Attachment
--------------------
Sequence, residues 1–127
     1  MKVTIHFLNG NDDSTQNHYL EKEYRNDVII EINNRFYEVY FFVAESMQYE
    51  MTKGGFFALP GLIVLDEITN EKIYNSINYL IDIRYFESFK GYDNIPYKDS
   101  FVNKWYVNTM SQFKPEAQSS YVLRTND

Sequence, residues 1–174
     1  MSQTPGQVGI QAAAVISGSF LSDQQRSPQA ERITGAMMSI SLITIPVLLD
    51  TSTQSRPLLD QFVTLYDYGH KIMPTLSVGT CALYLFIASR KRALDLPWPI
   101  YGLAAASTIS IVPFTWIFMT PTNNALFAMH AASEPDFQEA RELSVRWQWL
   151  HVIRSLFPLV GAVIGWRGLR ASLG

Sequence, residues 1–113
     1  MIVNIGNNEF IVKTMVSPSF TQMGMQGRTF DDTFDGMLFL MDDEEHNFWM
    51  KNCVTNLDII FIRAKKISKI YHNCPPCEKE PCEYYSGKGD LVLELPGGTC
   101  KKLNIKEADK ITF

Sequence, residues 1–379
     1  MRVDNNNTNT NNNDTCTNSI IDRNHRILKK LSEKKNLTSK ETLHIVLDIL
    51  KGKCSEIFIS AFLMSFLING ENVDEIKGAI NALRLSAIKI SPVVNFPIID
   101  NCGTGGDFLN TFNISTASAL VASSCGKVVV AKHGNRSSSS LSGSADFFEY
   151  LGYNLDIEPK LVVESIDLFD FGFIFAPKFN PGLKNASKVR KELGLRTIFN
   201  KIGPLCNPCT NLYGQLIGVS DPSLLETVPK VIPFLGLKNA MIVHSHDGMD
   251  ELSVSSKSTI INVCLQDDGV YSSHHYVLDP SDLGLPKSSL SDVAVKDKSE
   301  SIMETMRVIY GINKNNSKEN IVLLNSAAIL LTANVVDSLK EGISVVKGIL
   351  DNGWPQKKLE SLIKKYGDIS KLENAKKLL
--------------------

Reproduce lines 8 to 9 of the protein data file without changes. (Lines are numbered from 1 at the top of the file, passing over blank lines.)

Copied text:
   101  YGLAAASTIS IVPFTWIFMT PTNNALFAMH AASEPDFQEA RELSVRWQWL
   151  HVIRSLFPLV GAVIGWRGLR ASLG